v1, t1 v2, t2 v3, t3
Each of these measurement pairs is an observation, a set of values, each measured on a different variable. You can think of an observation as a snapshot of the world. An observation shows what a group of variables looked like together for a brief moment before they changed.
In the notation above, the lowercase letters denote specific values of the variables V and T . Throughout the book, I will refer to variable names with a capital letter (e.g., V) and individual values with a lower case letter (e.g., v1). If you’re lucky, I may even use a real value like 60 mph.
The subscripts denote which observation each of the values belongs to. When values are grouped into the same observation it implies that they are similar in some way.
Like a natural law, an observation also has a scope. The scope determines the ways that the values in the observation are similar to each other. To see how this works, consider our three thought examples again.
In our first example, we created observations whose values shared the same moment of time. Within the observations, each value measured a different object, but the values were measured at the same moment of time.
In our second example, we created observations whose values shared the same object. Within the observations, each value was measured at a different moment of time, but the values were measured on the same object.
In our last example, we created observations whose values shared both the same object and the same moment of time. Within each observation, each value was measured at the exact same time on the exact same object.
The scope of the observations in our last example is more specific than the scope of the observations that we created in the first two experiments. You can group any set of values that like into a single observation, but the observation may end up with a very broad scope.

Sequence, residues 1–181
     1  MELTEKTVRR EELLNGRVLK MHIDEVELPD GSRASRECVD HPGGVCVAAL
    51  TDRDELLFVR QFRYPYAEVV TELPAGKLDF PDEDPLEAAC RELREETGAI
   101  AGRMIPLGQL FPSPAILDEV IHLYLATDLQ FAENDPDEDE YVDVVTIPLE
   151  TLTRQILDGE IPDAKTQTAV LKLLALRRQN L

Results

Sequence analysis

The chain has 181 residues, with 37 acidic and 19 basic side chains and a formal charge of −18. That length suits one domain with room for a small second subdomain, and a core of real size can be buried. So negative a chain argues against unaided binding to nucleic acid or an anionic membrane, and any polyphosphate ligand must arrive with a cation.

Why should you care about the scope of an observation? Because observations provide evidence about natural laws when the observations have the same scope as the law. This may sound like a mouthful, but it just restates the intuition we felt about our first two experiments above.
What sort of evidence does the observation provide? If a law exists between variables, it will exist between the values of those variables when they appear in the same observation.
In other words, natural laws deal with variables, but they apply to values that appear in the same observation where the scope of the observation matches the scope of the law.
Where does this leave us? We’ve now conducted our thought experiment–and two others besides. We understand the concepts involved with our experiment, and we know how they relate to each other. Can this help us identify a law? Yes. And this is where data begins to shine.
If we combine our observations, we get a data set, a group of observations—or more precisely, a group of values, each associated with a variable and an observation.
Data sets are a useful tool for science because natural laws appear as patterns in data. You can identify a natural law by collecting data and spotting a pattern.